A Confluence of Upstream Stewardship
Raritan River Basin
Raritan River Basin
2019 Raritan Headwaters Association, Executive Director
Alison M. Jones
NWNL Executive Director
Also read our 2009 interview with Cindy Ehrenclou
Upper Raritan: One Voice
Governance – Economics – Programs
Erasing Big Disconnects
Seeding Grass Roots Stewardship
A Lower Raritan Viewpoint
Pollution & Groundwater Issues
Clean Water Act – WOTUS
Open Space & Forests
Seminars & Rain Gardens
All images © Alison M. Jones. All rights reserved.
Ten years after talking with Cindy about the Upper and Lower Raritan Basins, she was Executive Director of the newly-merged Raritan Headwaters Association [RHA]. This second discussion focused on the challenges and rewards of the recently-combined stewardship of the Upper Raritan’s North and South Branches. This is her “Tale of Two Tributaries.”
Recent RHA accomplishments
— Testing and treating of private wells
— Dam removal on the Lamington River
— A “Get the Lead Out” campaign
— 1,700 volunteers removing18 tons of trash
— Cat. 1 designation for 739 miles of waterways
NWNL Hello, Cindy. In our 2009 interview at Rutgers’ First Sustainable Raritan Conference, we talked about the Raritan Watershed being “A Tale of Two Rivers,” and you noted the further disconnect in the Upper Raritan Basin. But now, your former Upper Raritan Watershed Association [URWA] and the former South Branch Watershed Association have merged to create the Raritan Headwaters Association [hereafter, RHA]. What differences between those two basins still exist?
CINDY EHRENCLOU As I’ve always said, the two upper branches of the Raritan geologically and demographically different; and they also have very different land usage. The geology, soils and bedrock are not my area of expertise; but one point is that the Highlands have great fractures and fabulous groundwater supplies.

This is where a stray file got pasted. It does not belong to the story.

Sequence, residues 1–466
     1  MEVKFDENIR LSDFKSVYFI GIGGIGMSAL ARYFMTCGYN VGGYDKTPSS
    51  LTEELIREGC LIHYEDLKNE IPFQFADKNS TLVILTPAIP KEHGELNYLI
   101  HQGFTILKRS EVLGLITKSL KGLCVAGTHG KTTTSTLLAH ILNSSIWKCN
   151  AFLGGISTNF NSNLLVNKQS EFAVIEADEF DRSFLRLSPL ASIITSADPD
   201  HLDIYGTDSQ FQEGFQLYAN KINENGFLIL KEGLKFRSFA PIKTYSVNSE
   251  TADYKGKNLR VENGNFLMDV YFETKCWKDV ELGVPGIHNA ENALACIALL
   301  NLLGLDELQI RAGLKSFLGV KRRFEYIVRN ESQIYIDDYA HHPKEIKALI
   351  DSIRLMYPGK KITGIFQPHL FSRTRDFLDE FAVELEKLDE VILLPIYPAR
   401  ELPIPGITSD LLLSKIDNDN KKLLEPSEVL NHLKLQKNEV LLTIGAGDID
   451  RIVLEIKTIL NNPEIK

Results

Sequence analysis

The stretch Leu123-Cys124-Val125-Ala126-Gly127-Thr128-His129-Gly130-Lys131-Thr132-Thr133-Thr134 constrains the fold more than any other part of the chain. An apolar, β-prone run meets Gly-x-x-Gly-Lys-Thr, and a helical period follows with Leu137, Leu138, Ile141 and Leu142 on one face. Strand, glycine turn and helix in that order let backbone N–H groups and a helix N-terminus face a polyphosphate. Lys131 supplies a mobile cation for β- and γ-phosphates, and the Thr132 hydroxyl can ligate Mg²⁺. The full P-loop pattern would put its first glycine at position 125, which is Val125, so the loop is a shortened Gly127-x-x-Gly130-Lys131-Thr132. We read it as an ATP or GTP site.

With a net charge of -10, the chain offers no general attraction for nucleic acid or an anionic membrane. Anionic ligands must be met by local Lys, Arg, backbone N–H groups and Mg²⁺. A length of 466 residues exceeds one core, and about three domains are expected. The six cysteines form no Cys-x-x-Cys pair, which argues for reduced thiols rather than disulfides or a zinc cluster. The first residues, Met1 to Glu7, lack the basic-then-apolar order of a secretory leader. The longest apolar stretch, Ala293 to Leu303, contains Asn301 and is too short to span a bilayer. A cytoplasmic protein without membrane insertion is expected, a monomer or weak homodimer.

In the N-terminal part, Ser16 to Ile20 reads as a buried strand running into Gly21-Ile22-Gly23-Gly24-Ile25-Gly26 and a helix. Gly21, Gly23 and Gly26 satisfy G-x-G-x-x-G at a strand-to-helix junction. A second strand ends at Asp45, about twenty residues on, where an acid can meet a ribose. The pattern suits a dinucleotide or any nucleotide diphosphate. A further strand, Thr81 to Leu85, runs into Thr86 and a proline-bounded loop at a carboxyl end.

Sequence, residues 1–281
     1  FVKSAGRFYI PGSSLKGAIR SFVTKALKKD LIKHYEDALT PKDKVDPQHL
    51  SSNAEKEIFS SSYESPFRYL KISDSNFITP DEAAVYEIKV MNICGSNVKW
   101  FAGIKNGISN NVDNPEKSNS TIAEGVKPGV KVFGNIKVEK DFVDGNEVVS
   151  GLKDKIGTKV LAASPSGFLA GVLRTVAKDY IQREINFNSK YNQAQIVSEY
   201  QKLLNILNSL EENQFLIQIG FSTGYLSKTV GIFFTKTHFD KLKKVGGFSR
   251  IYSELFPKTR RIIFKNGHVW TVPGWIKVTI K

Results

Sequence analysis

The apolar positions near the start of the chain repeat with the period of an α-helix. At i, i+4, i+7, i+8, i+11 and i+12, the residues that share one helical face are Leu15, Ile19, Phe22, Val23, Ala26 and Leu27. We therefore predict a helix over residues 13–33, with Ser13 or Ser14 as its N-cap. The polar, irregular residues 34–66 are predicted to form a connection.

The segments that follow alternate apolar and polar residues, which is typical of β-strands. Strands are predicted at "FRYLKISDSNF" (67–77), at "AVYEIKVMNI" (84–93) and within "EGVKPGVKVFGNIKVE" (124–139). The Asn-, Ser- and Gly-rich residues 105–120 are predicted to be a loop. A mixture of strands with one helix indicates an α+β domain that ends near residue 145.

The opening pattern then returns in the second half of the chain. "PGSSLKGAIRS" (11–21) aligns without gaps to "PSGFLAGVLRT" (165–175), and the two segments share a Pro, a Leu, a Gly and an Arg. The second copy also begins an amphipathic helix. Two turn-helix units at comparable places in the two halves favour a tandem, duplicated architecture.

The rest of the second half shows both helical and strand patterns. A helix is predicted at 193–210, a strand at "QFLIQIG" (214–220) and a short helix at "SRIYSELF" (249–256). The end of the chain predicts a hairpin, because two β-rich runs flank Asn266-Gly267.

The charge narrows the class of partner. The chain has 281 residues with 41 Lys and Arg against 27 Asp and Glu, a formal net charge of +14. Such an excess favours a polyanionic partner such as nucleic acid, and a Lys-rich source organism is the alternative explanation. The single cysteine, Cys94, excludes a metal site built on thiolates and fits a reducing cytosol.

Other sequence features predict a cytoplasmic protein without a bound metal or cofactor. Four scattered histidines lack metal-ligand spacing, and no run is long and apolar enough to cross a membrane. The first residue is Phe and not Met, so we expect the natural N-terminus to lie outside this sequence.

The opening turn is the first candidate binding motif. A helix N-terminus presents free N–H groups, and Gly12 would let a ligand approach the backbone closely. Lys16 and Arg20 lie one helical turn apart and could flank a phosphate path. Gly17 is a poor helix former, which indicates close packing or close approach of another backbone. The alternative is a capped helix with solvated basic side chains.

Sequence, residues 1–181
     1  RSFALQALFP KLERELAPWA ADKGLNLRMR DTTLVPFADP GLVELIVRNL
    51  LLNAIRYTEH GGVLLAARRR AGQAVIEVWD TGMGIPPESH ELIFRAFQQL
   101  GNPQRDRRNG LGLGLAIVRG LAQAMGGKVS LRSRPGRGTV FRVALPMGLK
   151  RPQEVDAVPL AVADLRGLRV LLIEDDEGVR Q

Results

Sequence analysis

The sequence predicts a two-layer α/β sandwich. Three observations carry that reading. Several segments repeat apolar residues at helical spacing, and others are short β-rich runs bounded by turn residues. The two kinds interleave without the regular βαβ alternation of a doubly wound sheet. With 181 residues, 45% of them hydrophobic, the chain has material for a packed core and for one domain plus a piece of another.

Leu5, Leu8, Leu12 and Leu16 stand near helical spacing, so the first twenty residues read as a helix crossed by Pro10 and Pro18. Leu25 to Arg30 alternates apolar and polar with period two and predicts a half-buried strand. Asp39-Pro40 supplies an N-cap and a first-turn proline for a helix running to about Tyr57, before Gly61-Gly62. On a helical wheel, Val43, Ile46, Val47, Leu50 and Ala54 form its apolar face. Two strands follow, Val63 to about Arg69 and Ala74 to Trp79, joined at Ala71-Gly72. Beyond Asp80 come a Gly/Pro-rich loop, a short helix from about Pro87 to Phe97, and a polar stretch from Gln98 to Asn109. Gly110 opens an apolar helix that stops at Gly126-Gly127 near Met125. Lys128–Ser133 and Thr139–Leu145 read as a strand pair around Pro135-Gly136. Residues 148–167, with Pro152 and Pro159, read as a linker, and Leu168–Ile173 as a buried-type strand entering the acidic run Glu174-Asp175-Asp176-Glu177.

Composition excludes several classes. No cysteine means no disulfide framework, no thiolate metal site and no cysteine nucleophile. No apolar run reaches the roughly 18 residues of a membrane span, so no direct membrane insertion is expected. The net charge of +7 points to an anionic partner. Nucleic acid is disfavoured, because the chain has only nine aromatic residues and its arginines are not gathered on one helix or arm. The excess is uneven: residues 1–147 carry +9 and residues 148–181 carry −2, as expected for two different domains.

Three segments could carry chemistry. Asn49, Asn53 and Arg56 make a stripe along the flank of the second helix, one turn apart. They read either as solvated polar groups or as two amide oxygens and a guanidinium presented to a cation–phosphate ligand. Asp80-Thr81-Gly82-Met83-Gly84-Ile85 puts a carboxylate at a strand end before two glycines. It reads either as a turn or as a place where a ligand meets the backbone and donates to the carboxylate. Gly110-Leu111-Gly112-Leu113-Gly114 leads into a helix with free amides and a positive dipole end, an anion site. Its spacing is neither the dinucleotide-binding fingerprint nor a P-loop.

NWNL What percentage of the either entire basin, or even just the Upper Raritan Basin, does the Highlands represent?
CINDY EHRENCLOU Compared to the North and South Branch Basins, the Highlands covers about 55%; and compared to just the North Branch Basin, the Highlands covers 80%. The ratio of the two combined basins is higher, because the South Branch Basin has a large percent of Piedmont lands.
NWNL Each NWNL case study watershed is unique; but the Raritan is interesting as it takes in so many different regions and compresses them into a very concentrated basin.
CINDY EHRENCLOU Yes. And below the confluence of the North and South Branches, the Raritan becomes much more suburban/urban. Our Raritan Basin land-use maps use green tones to show nice open space and healthy forest; and then a shocking pink/red to show the more urban, densely populated areas. That map really tells the story of how the river just changes.
NWNL Today’s new RHA addresses very different issues from those found downstream.
CINDY EHRENCLOU Yes. For instance, we focus on non-point source pollution, versus the downstream focus on point-source pollution.
NWNL The differences within the Upper Raritan, as well as your differences with the Lower Raritan and its legacy of industrial pollution are the reason NWNL is documenting the Raritan. Yet it seems that this “Raritan disconnect” has lessened since 2007 when NWNL began to focus on this watershed!
CINDY EHRENCLOU Yes, the divide then was huge.
NWNL Fortunately, in just 10 years, Dr. Judy Shaw, Rutgers Research Associate and Director of the Sustainable Raritan River Initiative, has sewn together the Raritan Basin. I’ve said to her, “Well, you took away the main reason NWNL was documenting this watershed by unifying this whole basin.”
CINDY EHRENCLOU Oh, yes! We really had to make that connection here, because what we do upstream affects so many people downstream. Before, we weren’t relating at all to people in the Lower Raritan.